18 Years Later: The Parable of Flight 93

EDITOR’S NOTE: As a journalist, I was assigned several times over the years to report and write 9/11 anniversary stories, which were carried across a nationwide wire service. Each time, I interviewed men and women who were affected by the attacks’ legacy. These 9/11 milestones are important moments to reflect on America’s role in the world. This summer, I celebrated with Americans nationwide when John Stewart and other activists successfully pressed Congress to extend health benefits for the volunteers who helped in the aftermath at Ground Zero. Like most of us, I am not looking forward to the trial in 2021 of five men accused of plotting the attacks, a long-overdue trial date that was set a week ago. Eighteen years after 9/11, anger is rising in America, not subsiding. As Americans, any enduring lessons we might have learned after 9/11 seems ever further from our grasp. That’s why we welcome Benjamin Pratt’s thoughtful column this week. Please, share this column with friends.
—David Crumm

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THE PARABLE OF FLIGHT 93

By BENJAMIN PRATT
Contributing Columnist

A parable is a mirror into which each of us can look to examine our better or lesser selves.

My wife and I recently visited the Flight 93 Memorial in Shanksville, Pennsylvania. Spending two hours there was a memory evoking, emotional, tender and tough experience. It was also an opportunity to look into a mirror, a parable that shook my soul.

I believe it is there to shake the soul of all Americans in our present time.

On September 11, 2001, forty men and women faced the unimaginable horror of being victims of a terrorist coup, hijacking the United Flight 93 to use as a weapon of destruction and death at our nation’s Capital. The crew and passengers came from varied backgrounds—and from across the nation and around the world.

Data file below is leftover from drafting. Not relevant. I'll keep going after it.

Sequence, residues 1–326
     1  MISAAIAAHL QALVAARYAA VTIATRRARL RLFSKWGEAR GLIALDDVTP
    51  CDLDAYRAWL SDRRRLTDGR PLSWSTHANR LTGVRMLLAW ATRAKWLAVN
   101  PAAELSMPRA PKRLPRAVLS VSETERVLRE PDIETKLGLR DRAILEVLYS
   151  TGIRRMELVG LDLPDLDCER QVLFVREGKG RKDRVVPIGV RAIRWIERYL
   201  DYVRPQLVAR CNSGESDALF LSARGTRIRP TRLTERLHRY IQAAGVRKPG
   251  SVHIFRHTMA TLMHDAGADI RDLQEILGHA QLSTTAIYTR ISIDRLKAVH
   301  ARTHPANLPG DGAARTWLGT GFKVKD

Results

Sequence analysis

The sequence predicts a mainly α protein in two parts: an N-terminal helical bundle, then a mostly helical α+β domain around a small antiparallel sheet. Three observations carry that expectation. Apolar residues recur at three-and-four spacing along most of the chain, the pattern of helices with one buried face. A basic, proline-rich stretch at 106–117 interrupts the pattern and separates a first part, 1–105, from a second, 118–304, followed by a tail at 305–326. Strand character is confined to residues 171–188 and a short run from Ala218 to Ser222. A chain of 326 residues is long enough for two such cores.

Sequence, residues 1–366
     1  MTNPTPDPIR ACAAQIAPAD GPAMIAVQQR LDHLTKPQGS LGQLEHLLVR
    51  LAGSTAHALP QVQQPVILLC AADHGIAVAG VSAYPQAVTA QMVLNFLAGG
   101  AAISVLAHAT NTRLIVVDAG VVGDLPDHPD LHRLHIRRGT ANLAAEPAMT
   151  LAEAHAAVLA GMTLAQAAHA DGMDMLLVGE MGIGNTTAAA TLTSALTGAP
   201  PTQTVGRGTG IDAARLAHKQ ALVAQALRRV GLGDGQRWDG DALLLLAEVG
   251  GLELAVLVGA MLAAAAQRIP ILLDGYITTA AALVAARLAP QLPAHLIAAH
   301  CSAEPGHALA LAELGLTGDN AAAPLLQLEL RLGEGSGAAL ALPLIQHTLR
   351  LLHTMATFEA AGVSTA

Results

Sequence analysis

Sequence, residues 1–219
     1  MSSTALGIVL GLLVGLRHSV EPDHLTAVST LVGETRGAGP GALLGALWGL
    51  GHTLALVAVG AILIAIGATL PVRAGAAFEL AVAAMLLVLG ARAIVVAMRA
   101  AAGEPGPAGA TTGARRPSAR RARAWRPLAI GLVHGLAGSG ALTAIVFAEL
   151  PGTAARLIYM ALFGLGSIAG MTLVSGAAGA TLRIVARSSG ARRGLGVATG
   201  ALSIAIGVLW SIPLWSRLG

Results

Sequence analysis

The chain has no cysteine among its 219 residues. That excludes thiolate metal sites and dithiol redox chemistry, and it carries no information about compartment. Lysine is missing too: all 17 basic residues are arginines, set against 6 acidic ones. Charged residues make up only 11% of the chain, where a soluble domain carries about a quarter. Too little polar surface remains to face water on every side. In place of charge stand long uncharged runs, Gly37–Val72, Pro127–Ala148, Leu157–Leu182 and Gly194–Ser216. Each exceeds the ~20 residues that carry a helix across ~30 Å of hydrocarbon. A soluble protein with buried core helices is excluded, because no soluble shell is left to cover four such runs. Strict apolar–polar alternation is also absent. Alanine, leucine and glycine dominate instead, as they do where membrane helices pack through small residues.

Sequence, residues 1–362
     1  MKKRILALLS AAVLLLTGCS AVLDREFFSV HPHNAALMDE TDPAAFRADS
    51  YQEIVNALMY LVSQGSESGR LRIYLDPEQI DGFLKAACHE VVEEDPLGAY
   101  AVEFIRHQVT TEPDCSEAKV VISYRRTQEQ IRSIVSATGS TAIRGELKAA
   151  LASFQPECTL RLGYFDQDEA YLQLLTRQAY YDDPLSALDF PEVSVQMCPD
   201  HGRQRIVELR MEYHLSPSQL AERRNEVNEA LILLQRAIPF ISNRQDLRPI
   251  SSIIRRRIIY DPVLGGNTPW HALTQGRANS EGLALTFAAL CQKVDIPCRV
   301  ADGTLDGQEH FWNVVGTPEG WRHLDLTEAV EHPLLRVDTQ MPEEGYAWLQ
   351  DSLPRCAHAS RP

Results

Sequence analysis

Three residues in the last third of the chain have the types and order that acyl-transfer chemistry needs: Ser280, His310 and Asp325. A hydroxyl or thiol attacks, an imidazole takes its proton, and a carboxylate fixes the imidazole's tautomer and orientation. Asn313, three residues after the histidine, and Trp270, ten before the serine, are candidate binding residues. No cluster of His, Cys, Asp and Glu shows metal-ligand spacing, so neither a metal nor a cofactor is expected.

They bonded in a courageous, heroic vote to confront head-on the evil they encountered. Their action is a parable worthy of our reflection and action in our current contentious, divided time.

The Flight 93 National Memorial is set on 2,200 acres of rolling, pastoral, sacred land.

We drove down the long road from the entrance to the visitor center, passing the Tower of Voices, a musical instrument that eventually will hold forty wind chimes representing the voices of the passengers and crew members. The visitor center on the hill above the crash site introduces the chronology of Flight 93 and the personal and communal stories of the passengers and crew.

At that complex, there are multiple places one can peer over the wild flowers to see the Memorial Plaza below, which consists of the impact site and the debris field. The fields and woods beyond are the final resting place for the passengers and crew, thus only family members are permitted to enter that hallowed area of the Memorial.

We walked about 500 yards to the crash site, which is marked by a huge boulder where Flight 93 hit the ground, traveling at 563 mph and carrying more than 5,000 gallons of jet fuel. It exploded on impact and threw debris into the nearby hemlock grove. There were no survivors.